Sep 26 – 30, 2011
Vienna, Austria
Europe/Zurich timezone

Modelling radiation-effects and annealing in semiconductor lasers for use in future particle physics experiments

Sep 29, 2011, 4:00 PM
2h 30m
Vienna, Austria

Vienna, Austria

<font face="Verdana" size="2"><b>Vienna University of Technology</b> Department of Electrical Engineering Gusshausstraße 27-29 1040 Vienna, Austria
Poster Radiation Posters


Mr Pavel Stejskal (CERN)


Optical link components used in future particle physics experiments will typically be exposed to intense radiation fields during the lifetime of the experiment and the qualification of these components in terms of radiation tolerance is thus required. We have created a model that describes the degradation of the L-I characteristic of a semiconductor LASER undergoing irradiation with the annealing processes taken into account. This model can be used to predict the behaviour of a laser being irradiated with the different particle fluxes at different locations inside a particle physics experiment. The robustness of the model has been checked against the experimental data obtained during high-fluence (in excess of 10^15 particles/cm^2) neutron and pion irradiation testing in 2009 and 2010.

Summary 500 words

Radiation tolerant, high-speed optoelectronic data-transmission links have been widely deployed in the readout and control in today’s large scale particle physics detectors, as exemplified by the experiments at the Large Hadron Collider (LHC). Their component optoelectronic devices, such as semiconductor lasers, operate in a very harsh radiation environment. New experiments or upgrades will impose even more stringent demands on these devices from the point of view of performance and radiation tolerance. In highly exposed areas, less margin may be available before irradiated lasers reach their end-of-life conditions, thus requiring more detailed modelling of the device performance degradation under various operational conditions. Rigorous qualification and understanding of these devices in terms of performance and radiation hardness is crucial for the proper operation of the readout and control systems during the lifetime of the future experiments.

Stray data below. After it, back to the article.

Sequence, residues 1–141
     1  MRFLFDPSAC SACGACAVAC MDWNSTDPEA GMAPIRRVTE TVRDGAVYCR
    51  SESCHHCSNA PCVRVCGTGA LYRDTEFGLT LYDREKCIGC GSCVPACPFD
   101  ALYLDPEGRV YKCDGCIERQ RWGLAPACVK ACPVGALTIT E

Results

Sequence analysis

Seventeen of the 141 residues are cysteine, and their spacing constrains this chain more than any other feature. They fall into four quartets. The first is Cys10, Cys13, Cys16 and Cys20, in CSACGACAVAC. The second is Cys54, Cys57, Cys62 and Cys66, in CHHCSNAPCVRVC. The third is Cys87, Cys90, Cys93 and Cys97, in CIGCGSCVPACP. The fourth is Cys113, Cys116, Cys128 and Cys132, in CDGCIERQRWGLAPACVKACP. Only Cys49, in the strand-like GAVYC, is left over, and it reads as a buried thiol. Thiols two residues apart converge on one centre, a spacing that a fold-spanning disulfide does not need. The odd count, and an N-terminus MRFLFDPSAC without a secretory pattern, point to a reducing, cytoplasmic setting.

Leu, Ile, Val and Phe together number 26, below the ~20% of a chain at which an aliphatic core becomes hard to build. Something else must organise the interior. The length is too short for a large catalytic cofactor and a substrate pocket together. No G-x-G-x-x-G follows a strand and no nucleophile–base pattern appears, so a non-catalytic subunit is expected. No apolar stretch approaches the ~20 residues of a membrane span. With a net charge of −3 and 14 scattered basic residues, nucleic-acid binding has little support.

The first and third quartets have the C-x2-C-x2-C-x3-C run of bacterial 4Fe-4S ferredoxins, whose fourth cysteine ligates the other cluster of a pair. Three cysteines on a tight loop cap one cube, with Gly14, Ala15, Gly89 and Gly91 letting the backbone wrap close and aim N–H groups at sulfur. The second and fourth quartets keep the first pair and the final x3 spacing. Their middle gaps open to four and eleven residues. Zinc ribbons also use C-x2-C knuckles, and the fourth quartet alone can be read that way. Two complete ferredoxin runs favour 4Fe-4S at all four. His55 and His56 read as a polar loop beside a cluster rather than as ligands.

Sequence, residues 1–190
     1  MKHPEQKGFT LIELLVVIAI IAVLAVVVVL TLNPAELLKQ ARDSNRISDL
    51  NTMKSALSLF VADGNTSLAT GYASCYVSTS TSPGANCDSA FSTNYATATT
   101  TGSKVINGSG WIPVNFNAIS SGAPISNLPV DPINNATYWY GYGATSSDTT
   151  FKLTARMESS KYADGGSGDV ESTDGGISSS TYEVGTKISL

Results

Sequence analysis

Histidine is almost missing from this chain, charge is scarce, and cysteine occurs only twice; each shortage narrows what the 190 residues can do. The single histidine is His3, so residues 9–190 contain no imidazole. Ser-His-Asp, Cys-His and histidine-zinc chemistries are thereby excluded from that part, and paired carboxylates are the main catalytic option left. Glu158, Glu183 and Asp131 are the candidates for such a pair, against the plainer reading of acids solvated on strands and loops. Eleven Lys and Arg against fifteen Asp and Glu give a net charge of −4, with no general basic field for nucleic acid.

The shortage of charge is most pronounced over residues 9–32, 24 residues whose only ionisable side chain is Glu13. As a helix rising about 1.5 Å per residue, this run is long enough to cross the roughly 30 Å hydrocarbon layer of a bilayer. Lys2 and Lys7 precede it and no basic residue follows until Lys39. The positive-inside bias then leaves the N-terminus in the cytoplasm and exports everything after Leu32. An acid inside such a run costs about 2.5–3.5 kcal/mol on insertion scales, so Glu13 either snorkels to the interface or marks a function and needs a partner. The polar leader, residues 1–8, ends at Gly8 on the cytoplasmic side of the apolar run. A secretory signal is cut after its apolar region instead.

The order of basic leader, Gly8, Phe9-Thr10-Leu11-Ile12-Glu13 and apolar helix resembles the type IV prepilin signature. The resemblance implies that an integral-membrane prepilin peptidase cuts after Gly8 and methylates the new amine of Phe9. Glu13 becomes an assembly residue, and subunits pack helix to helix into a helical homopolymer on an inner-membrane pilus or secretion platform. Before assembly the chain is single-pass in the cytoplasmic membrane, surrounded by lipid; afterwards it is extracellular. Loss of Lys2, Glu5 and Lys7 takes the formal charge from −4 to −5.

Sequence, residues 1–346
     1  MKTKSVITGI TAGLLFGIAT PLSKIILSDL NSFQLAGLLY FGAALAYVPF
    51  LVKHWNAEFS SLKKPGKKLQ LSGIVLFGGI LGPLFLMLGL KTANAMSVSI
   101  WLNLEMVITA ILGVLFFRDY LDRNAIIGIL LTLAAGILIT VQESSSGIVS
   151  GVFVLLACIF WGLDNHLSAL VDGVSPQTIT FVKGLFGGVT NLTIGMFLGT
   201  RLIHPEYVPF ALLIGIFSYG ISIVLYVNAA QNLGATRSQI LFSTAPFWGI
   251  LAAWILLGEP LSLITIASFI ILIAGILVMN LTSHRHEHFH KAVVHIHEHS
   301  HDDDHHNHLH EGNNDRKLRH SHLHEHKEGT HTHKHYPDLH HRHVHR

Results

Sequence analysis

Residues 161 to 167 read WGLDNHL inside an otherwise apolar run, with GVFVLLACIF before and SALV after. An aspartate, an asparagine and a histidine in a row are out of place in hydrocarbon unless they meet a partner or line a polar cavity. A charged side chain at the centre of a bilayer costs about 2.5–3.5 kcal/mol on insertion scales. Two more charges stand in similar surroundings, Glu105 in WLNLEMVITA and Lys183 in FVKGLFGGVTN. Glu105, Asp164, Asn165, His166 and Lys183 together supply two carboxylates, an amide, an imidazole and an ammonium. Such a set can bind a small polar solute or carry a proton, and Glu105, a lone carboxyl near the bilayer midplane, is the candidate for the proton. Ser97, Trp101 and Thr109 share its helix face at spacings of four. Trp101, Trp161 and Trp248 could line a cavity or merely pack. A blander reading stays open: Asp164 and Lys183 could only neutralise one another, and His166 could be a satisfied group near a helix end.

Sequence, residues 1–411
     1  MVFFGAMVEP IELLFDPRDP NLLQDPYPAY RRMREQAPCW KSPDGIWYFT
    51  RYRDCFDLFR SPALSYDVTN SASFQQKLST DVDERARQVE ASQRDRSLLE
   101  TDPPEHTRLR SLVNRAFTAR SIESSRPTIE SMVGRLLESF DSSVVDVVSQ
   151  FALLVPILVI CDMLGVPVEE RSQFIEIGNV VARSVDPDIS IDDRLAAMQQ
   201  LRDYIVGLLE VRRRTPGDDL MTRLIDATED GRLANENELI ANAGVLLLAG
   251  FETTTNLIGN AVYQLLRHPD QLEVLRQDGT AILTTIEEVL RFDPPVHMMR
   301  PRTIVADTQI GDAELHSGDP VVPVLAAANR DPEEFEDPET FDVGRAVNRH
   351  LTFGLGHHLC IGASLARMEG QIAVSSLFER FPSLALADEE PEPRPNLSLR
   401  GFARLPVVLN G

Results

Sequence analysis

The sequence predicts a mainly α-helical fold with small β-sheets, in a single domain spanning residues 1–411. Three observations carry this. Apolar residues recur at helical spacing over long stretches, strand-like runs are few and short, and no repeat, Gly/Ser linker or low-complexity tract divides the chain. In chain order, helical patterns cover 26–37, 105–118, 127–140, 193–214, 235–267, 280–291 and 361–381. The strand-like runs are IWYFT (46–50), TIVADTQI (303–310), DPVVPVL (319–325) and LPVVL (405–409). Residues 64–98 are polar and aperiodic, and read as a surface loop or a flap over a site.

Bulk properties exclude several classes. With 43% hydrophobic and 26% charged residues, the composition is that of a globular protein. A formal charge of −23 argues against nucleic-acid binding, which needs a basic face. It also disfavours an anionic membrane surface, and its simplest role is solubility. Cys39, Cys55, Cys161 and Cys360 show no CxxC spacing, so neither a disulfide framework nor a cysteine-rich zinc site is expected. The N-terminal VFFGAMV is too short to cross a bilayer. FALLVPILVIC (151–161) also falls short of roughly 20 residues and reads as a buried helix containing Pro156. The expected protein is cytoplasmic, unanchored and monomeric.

The modelling of semiconductor laser behaviour during operation in radiation environment is not well established; hence, an expensive and time-consuming testing programme for devices in question is usually required, a trend which would increase with higher fluence constraints in the future. Alternatively, this testing effort can by significantly reduced by modelling radiation-effects and annealing in devices in question from low fluence data and by extrapolation to fluences required.

A rate-equation based model has been developed to describe semiconductor laser L-I characteristics during irradiation. This model is fitted to real laser characteristics measured during irradiation and a fluence-dependent set of fitting parameters is obtained. Using the model, laser characteristics can be extrapolated to both higher fluences as well as higher driving currents.

The radiation-induced damage observed in lasers is flux dependent since they anneal and can thus recover a significant part of the radiation-induced damage. To consider the annealing process, the annealing phase was carefully studied and an annealing model was devised based on Hill equations. The model considers the saturation of annealing which was indeed observed.

Due to the fact that laser L-I characteristics preserve their shape during annealing period, it is sufficient to flux-scale only one fitting parameter – typically the laser threshold. By combining the rate-equation model with the annealing model, one can predict device behaviour for different fluxes and total fluences, which allows the simulation of device degradation at various positions inside a real detector.

In order to verify the applicability of the combined laser model, the predicted operating characteristics of a semiconductor laser are compared to experimental data of 56 prototype lasers from 9 different manufacturers obtained during high-fluence neutron and pion irradiation campaigns at Université Catholique de Louvain (UCL), Belgium and at Paul Scherrer Institut (PSI), Switzerland in 2009 and 2010. Good agreement between the predicted and measured values was reached for different laser types.

Primary author


Presentation materials